Dividends and First Republic faces tought path to turnaround as deposit flight jolts investors

In 2022, things were going well for the executives at First Republic Bank, the bank had assets of over $200 billion or was the 18th largest bank in the US with 18 branches. In the GOBanking Rates Best Banking ratings it was considered a very good bank to deal with. Then a change happened, the San Franciso Bank SVB went bankrupt and people both institutions and individuals starting taking money from the regional banks to put in the largest banks of the country.

In an article by Manya Saini, David French and Saeed Azhar of Reuters, First Republic Bank reported it had $100 billion moved from its holdings to other banks or about half of its deposits. The bank was trading at over $142 a share in February, now it trades at $6 a share. What should the bank do?

First Republic said it was pursuing strategic options to help expedite progress on strengthening the bank. (the bank is studying all options open to it, said someone speaking on the condition of being anonymity).

Christopher Wolfe, head of North American banks at Fitch Ratings, told Reuters if someone were to acquire the bank, there is going to be big write downs that would have to be taken against some of the assets given the rate cycle. Mr. Wolfe was referring to the bank’s mortgage book and securities portfolio.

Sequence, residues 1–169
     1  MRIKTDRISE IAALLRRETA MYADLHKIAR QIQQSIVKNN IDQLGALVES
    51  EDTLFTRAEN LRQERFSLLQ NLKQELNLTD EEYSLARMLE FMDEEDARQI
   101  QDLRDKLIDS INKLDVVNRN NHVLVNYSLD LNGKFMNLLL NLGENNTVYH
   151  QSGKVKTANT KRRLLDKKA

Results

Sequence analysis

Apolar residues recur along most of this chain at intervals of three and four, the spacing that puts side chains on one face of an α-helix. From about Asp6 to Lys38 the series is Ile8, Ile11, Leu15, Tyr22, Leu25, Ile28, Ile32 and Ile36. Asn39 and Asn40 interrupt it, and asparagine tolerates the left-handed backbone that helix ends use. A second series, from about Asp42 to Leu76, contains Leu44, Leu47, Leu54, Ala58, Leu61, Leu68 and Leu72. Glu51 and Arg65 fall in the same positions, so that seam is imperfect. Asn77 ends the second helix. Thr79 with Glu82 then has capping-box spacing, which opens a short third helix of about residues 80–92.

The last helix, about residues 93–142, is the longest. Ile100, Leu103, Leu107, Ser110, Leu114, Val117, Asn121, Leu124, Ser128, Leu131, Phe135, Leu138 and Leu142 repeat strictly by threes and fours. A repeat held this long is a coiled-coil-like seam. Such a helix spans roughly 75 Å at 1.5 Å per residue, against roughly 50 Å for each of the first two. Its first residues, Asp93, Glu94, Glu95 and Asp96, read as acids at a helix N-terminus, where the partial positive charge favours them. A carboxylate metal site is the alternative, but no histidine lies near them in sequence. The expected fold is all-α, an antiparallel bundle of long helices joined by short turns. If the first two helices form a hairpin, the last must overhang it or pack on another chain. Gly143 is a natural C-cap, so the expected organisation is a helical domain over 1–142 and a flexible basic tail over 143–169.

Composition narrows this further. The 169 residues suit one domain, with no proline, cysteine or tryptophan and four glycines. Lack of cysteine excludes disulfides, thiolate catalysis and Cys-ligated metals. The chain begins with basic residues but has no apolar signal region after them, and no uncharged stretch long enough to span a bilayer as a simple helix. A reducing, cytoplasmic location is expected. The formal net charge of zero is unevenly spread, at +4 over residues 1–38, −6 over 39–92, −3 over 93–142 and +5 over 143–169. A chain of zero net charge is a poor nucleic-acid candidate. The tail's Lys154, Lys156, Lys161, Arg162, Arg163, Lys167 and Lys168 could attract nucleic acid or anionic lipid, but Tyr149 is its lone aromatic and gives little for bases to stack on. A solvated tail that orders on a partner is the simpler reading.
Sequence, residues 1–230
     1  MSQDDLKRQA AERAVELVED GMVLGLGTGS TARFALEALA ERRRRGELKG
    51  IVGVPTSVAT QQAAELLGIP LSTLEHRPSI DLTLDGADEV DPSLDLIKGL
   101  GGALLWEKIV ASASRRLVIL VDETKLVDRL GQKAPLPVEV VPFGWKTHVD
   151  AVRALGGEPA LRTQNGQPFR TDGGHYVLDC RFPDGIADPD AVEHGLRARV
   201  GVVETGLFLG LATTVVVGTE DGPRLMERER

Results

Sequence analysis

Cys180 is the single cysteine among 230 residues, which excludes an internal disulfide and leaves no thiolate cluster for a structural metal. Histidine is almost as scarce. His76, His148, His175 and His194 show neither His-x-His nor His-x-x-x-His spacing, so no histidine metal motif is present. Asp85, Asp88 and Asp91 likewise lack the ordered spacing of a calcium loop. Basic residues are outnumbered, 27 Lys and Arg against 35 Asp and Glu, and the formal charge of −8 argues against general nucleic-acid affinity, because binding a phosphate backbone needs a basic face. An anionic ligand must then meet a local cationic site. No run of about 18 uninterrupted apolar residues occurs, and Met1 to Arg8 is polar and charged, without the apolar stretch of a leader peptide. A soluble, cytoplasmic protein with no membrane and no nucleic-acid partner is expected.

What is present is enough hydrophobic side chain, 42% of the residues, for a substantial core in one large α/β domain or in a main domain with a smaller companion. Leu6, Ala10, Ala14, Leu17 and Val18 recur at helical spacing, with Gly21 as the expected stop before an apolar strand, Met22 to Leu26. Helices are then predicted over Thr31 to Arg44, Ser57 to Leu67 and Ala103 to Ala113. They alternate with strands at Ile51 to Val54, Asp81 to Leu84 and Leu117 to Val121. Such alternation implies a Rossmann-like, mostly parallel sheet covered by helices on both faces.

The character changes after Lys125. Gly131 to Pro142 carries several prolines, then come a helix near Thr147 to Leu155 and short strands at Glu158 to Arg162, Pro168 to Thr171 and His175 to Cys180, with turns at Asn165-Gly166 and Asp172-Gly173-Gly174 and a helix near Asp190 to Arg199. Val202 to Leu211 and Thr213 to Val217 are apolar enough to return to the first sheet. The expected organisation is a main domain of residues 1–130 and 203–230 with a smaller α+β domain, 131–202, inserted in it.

Analysts at Wells Fargo said the reported deposit outflows were much worse than Wall Street estimates and at a level that could prove very hard to come back from.

In March, the big banks put together a $30 billion rescue deal to ensure First Republic would continue to be a going concern and ease market concerns.

First Republic will be shrinking its balance sheet, slashing expenses, cutting office space and laying off a quarter of its employees. It will likely be merged with another bank in similar fashion as SVB was or was merged with a bigger bank – JPMorgan Chase.

Linking to dividend paying stocks, at the start of the year, there were many reports saying First Republic was a good stock to own at $140, then the banking world changed and its soft under belly was exposed and now the bank stock is $6. It is likely worth more than $6 but the fall came swiftly and seemingly out of the blue. After the fall of SVB, people asked are there any other banks which have mismatched assets and loans? First Republic was on the list and down it went. It would be normal if you were a shareholder to hold until the price went less than $100, then it was time to get out. People still liked the bank stock and bought it on the way down, but will it come back up? No one knows, but the likelihood is no, because of the fundamental reasons why it was considered on the list to be in trouble. Asking the worst case scenario is a good thing, for if you have considered the worst and something like it happens, you will have a better idea when to find alternatives.

There are more questions than answers, till the next time – to raising questions.


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